Chemostratigraphy of subduction initiation; boninite and forearc basalt from IODP Expedition 352

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Author(s): Shervais, John; Haugen, Emily; Godard, Marguerite; Ryan, Jeffrey G.; Prytulak, Julie; Li Hongyan; Chapman, Timothy; Nelson, Wendy R.; Heaton, Daniel E.; Kirchenbaur, Maria; Shimizu, Kenji; Li Yibing; Whattam, Scott A.; Almeev, Renat; Sakuyama, Tetsuya; Reagan, Mark K.; Pearce, Julian A.
Author Affiliation(s): Primary:
Utah State University, Department of Geology, Logan, UT, United States
Université Montpellier II, Geosciences Montpellier UMR 5243, France
University of South Florida, Department of Geology, United States
Imperial College London, Department of Earth Science & Engineering, United Kingdom
Chinese Academy of Sciences, Guangzhou Institute of Geochemistry, China
University of Sydney, School of Geosciences, Australia
Towson University, Department of Physics, Astronomy, and Geosciences, United States
Oregon State University, United States
Universität Köln, Geologisches Institut, Germany
Japan Agency for Marine-Earth Science and Technology, Japan
Chinese Academy of Geological Science, Institute of Geology, China
Korea University, South Korea
Institut für Mineralogie, Germany
University of Iowa, United States
Cardiff University, United Kingdom
Volume Title: European Geosciences Union general assembly 2017
Source: Geophysical Research Abstracts, Vol.19; European Geosciences Union general assembly 2017, Vienna, Austria, April 23-28, 2017. Publisher: Copernicus GmbH on behalf of the European Geosciences Union (EGU), Katlenburg-Lindau, Germany. ISSN: 1029-7006
Note: In English
Summary: The Izu-Bonin forearc has been the focus of several recent IODP (International Ocean Discovery Program) expeditions studying the geophysical, petrologic, and chemical response to subduction initiation and its potential relationship to ophiolite genesis. IODP Expedition 352 cored four holes in the Izu-Bonin forearc near Chichi Jima in order to document the petrologic and chemical evolution of nascent subduction zones. Holes U1440 and U1441, drilled closest to the trench, sampled forearc basalt (FAB). U1439 and U1442, drilled stratigraphically up-section and farther from the trench, sampled boninite, high-Mg andesite, and basalt. FAB are characterized by MORB-like compositions, with relatively constant Ti, Zr, and Ti/Zr. In general, more primitive FAB are found in the lower part of the section. In detail, FAB have lower Na, Ti, P, and Zr, lower Ti/V ratios, and are LREE-depleted relative to MORB. Best fit models for the least evolved FAB and a depleted MORB mantle (DMM) source require extraction of ∼1% melt in the garnet lherzolite field and 19% melt extraction in the spinel lherzolite field (relative to 8-10% melt of DMM to produce MORB). Three types of boninite were found: high silica boninite (HSB), low silica boninite (LSB), and basaltic boninite (BB), as well as high Mg andesites (HMA). HSB, the youngest unit in both U1439 and U1442, is underlain by LSB-BB-HMA lavas, which often occur in mixed magma zones with evolved boninite and basalt. Boninites are distinguished by co-variations in SiO2-MgO and TiO2-MgO, and by Ti/Zr ratios, which increase from HSB through LSB to BB. HSB, LSB and BB define parallel trends in TiO2-MgO space: a low Ti trend represented by LSB and BB, and a lower Ti trend represented by HSB. All of the boninite suite rocks are slightly LREE-rich relative to MORB. LSB and BB have flat REE patterns relative to primitive mantle, whereas HSB are slightly LREE-rich. These trends require distinct source compositions in HSB relative to LSB/BB. The decrease in Ti/Zr from BB to HSB suggests a slab melt component. Melting models (non-modal, fractional) for boninites require additional partial melting of a residual source more depleted than DMM, and mixing with less depleted melts. The data require a heterogeneous source during subduction initiation, tapping progressively more refractory mantle through time, and showing progressive enrichment in slab components. [Copyright Author(s) 2017. CC Attribution 3.0 License:]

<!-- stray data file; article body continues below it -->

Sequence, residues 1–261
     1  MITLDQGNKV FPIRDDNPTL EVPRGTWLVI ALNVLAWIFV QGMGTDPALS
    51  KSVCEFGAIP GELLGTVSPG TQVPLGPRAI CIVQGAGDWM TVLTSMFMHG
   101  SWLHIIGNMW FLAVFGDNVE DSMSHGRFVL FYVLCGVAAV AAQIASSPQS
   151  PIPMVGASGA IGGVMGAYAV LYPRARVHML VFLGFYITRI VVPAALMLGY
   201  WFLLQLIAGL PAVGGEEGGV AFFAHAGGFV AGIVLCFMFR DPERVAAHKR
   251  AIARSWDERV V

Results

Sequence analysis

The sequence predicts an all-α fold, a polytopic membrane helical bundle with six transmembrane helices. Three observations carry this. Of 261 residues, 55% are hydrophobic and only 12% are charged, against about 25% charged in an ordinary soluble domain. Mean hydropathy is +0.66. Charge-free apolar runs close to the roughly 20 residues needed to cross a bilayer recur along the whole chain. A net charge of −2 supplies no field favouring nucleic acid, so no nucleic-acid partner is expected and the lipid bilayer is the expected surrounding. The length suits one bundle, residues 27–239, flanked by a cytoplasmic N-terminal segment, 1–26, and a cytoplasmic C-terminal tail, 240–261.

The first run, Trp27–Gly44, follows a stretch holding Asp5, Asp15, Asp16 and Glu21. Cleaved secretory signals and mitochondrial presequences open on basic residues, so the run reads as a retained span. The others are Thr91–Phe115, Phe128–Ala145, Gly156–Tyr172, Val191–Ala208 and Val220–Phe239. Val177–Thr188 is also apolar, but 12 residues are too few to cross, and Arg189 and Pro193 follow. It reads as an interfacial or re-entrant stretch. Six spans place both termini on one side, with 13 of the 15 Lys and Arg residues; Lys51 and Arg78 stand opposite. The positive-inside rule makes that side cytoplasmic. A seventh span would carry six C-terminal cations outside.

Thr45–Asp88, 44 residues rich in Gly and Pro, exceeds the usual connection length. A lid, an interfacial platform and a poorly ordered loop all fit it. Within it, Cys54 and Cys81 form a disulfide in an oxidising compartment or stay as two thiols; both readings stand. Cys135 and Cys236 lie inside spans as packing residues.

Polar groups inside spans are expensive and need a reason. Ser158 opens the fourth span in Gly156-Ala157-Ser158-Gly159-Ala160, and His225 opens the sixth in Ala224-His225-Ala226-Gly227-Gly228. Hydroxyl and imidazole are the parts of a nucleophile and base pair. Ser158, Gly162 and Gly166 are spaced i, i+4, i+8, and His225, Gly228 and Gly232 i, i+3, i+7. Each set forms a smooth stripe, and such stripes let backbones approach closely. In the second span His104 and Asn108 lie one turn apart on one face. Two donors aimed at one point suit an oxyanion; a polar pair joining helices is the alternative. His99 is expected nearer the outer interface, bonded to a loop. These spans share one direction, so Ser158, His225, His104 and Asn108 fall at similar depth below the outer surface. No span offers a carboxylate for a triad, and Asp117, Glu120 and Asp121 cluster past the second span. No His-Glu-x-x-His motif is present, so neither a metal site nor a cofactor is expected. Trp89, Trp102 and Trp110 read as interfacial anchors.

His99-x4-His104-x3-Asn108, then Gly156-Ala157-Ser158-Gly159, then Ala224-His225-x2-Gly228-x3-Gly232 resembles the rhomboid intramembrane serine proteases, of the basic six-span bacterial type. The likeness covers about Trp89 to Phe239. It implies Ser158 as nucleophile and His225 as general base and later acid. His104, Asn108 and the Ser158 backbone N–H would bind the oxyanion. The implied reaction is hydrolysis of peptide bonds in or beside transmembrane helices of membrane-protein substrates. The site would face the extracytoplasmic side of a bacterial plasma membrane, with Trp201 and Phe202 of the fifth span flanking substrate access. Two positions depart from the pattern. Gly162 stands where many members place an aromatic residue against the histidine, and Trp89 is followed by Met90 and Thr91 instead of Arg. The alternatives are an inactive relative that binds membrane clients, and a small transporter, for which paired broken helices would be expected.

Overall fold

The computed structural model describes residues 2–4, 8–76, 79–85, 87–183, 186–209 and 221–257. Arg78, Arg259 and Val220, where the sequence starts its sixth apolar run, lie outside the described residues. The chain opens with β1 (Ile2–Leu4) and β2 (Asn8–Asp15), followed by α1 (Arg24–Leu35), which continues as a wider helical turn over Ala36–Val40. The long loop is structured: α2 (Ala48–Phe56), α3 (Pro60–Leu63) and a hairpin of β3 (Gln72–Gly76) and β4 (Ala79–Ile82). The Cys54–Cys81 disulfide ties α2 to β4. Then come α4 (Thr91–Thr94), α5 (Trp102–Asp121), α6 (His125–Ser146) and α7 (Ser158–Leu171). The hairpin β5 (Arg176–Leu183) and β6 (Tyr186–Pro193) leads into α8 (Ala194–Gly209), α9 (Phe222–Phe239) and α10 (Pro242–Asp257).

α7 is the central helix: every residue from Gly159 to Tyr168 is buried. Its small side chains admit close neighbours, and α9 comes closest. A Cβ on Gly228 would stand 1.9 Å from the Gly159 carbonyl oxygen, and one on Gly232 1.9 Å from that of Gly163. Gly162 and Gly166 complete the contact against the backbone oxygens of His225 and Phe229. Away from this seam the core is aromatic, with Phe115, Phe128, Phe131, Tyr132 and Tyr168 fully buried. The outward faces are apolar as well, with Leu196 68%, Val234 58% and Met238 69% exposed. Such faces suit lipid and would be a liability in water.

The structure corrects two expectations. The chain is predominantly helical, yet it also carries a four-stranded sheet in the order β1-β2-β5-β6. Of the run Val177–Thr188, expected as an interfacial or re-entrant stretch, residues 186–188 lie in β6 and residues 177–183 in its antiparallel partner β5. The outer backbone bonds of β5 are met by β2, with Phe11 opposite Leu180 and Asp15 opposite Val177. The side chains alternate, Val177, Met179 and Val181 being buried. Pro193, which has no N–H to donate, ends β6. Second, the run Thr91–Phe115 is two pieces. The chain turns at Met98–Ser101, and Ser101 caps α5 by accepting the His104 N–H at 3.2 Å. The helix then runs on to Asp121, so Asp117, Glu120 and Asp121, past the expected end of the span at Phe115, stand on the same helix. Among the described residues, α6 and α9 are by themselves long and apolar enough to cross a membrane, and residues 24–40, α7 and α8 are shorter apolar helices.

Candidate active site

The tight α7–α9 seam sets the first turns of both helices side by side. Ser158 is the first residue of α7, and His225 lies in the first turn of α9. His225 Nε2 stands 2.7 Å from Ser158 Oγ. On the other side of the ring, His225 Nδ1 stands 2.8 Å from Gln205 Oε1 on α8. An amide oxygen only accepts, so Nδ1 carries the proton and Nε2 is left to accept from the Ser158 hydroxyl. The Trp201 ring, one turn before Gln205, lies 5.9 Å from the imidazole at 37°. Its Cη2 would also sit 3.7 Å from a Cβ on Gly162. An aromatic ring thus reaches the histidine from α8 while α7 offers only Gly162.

Year of Publication: 2017
Research Program: IODP Integrated Ocean Drilling Program
IODP2 International Ocean Discovery Program
Key Words: 02 Geochemistry; Andesites; Basalts; Boninite; Chemostratigraphy; Expedition 352; IODP Site U1439; IODP Site U1440; IODP Site U1441; IODP Site U1442; Igneous rocks; International Ocean Discovery Program; North Pacific; Northwest Pacific; Pacific Ocean; Volcanic rocks; West Pacific
Coordinates: N282427 N282427 E1424633 E1423631
N282659 N282700 E1424513 E1424513
N282538 N282538 E1424332 E1423332
Record ID: 2018023582
Copyright Information: GeoRef, Copyright 2019 American Geosciences Institute. Reference includes data from European Geosciences Union, Munich, Germany